In addition, while the simulations are shown in many cases for what is an array of extent that may appear to fill the planar cross section of the package, this is for convenience in presentation only. As may be seen in
The resistances 2825 of
The reason for weak interaction can be understood as follows. If the average plan view area occupied by the vias is small with respect to the total plan view area of dielectric region 2, then the electric polarizability of the vias will be weak and the effective transverse permittivity of region 2 will be close to ∈_{r2}, the host permittivity. Also, the magnetic polarizability of the vias will be weak, making the transverse permeability of region 2 close to the nonmagnetic host permeability of μ_{0}. Therefore H_{x }will be essentially unaffected by the conductive vias 2928.
It may be more convenient to design and fabricate an ordered structure as opposed to a completely random structure that has a similar function.
The operation of the previous four examples may be understood by analyzing the canonical inhomogeneous PPW shown in
The effective resistance R in Ohms per square of the impedance sheet model, and R_{film}, the resistance in Ohms per square of a resistive film located between conductive patches may be different. The values are related through the geometry and the material properties. Consider the 2D periodic array of square conductive patches 3224 and resistors 3225 in
For example, assume a capacitive FSS that has a square lattice with a period P of 1 mm, a patch size s of 0.85 mm and a continuous film of value 4000 Ohms per square that fills all of the gap area. Using equation (51) the effective sheet resistance becomes approximately R=706 Ohms. To achieve a higher value of R the resistive film may be patterned in the gaps, with holes or slots, as shown in
Assume the thickness of the resistive film is t and the bulk conductivity of the film is σ. If the RF skin depth δ of the film material is large compared to t, (for example δ>3t) then the value of the film resistance can be approximated as:
Alternatively, the effective resistance R in Ohms per square may also be provided using discrete resistors such as surface mounted resistors or leaded resistors of value R connecting adjacent patches in the periodic square lattice.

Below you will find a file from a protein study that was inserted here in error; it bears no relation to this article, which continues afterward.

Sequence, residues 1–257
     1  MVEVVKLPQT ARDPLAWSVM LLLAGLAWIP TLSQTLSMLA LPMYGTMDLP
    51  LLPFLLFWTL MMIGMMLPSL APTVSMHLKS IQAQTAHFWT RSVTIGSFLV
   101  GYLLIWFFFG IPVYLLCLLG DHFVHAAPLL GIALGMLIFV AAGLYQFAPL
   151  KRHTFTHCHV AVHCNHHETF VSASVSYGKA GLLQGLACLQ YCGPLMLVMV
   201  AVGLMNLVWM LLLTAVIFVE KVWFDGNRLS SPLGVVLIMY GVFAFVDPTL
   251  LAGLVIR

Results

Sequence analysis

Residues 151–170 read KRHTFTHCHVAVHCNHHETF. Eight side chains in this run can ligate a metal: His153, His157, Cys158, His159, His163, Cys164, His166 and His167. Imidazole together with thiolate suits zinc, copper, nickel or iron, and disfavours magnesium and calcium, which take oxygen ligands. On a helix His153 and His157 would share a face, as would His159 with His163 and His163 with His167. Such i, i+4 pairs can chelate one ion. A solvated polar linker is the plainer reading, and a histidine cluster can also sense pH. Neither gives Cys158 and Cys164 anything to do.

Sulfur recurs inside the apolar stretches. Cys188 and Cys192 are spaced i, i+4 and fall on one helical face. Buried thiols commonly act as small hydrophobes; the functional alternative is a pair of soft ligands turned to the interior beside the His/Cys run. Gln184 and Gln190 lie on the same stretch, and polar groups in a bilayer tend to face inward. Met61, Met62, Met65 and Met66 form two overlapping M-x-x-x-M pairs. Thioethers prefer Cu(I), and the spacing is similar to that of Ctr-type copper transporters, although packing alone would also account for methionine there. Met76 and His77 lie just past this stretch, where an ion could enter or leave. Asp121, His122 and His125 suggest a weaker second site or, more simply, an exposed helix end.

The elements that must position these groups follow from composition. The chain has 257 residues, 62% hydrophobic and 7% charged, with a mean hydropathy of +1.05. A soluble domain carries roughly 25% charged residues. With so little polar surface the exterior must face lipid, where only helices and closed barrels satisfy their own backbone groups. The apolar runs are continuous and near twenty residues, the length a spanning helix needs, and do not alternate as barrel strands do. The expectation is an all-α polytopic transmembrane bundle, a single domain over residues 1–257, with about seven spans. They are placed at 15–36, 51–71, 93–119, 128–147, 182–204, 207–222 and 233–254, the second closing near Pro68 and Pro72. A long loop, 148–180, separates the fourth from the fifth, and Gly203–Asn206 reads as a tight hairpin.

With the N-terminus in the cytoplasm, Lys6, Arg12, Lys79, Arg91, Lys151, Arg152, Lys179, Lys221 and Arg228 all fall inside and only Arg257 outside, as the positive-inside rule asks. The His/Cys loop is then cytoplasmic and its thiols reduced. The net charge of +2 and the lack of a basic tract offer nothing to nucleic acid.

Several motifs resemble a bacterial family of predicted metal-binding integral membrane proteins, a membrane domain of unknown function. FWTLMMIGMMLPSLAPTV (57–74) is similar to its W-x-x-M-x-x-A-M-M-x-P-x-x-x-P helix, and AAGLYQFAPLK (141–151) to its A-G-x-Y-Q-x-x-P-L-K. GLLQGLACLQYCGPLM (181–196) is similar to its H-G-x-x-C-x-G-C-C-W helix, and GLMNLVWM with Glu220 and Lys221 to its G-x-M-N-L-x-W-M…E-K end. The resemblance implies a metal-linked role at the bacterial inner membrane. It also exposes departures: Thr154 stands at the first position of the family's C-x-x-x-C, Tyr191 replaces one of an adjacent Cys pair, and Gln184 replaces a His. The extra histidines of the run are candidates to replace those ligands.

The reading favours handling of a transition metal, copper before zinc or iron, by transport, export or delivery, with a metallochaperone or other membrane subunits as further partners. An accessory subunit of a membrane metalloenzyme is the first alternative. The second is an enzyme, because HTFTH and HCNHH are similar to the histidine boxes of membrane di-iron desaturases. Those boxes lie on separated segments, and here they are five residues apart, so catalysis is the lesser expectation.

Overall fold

In general, for a periodic lossy FSS arrayed as a square lattice, the sheet capacitance and sheet resistance can be calculated from equations (30b) and (30c) which requires one fullwave simulation of the FSS with the resistive losses modeled.
To analyze TE modes in the PPW of
where R and C are the per square resistance and capacitance of the impedance sheet. The TE mode wave admittances are given as:
where the z directed propagation constants for regions 1 and 2 are given by:
This definition for k_{z1,2 }forces the fields to be exponentially decaying when
When equations (54) and (55) are substituted into the dispersion equation (53) then the remaining variables are the frequency ω and the complex propagation constant k_{x}. If frequency is held constant, then a numerical root finder can be used to solve for k_{x}. One computational approach that may work well is to begin near zero frequency and solve for the complex k_{x}. Then the frequency is incremented and the previous solution is used as an estimated value for the root finder. This process is repeated until the maximum frequency of interest is reached. Then the frequency versus the real and imaginary values of k_{x }(β or α) may be plotted to graph the dispersion curves. This strategy requires a good initial estimate of the value for k_{x }near zero frequency.
Fortunately, the required low frequency estimate has a closed form solution. The TE modes are all cut off at zero frequency, and the attenuation constant for the n^{th }mode is given as:
α=nπ/(t _{1} +t _{2}) where n=1,2,3, . . . as ω→0 (56)
Therefore a good initial estimate for the root finder is:
k _{x} =−jα=−jnπ/(t _{1} +t _{2})
when seeking the n^{th }TE mode.
Assuming the RC impedance sheet is capacitive (no resistive loss), then the cutoff frequencies can be calculated for all TE modes from the roots of the following equation
which is derived from the dispersion equation (53) when k_{x}=0. Equations (53) and (57) are well behaved and may be solved with conventional root finders such as found in Mathcad, a general purpose computational tool available from Parametric Technology Corporation.
Note that α(ω) may be multiplied by 8.686 to convert from Nepers to dB and divided by 1000 to convert to dB per mm. Equation (58) shows that the mode 1 attenuation function increases linearly with frequency (well above the TE mode 1 cutoff frequency), and that both the sheet resistance and sheet capacitance play a role. The high frequency attenuation is inversely proportional to sheet resistance R, and it is seen to increase with increasing sheet capacitance C. Increasing C will increase the attenuation until the normalized susceptance ωCη_{0 }reaches the value of about √{square root over (2∈_{avg})} where the average dielectric constant is ∈_{avg}=(∈_{r1}+∈_{r2})/2. Further increases in C will have a smaller effect on the fundamental mode attenuation. However, the attenuation constant can be increased by lowering the sheet resistance R.
The addition of the resistive sheet perturbs the TE mode 1 attenuation function for the otherwise lossless PPW. Below the fundamental mode cutoff, the attenuation is essentially evanescent. Above this cutoff frequency, attenuation will be absorptive. The absorptive attenuation increases monotonically as R is decreased. Furthermore, the absorptive attenuation increases as the value of the sheet capacitance is increased.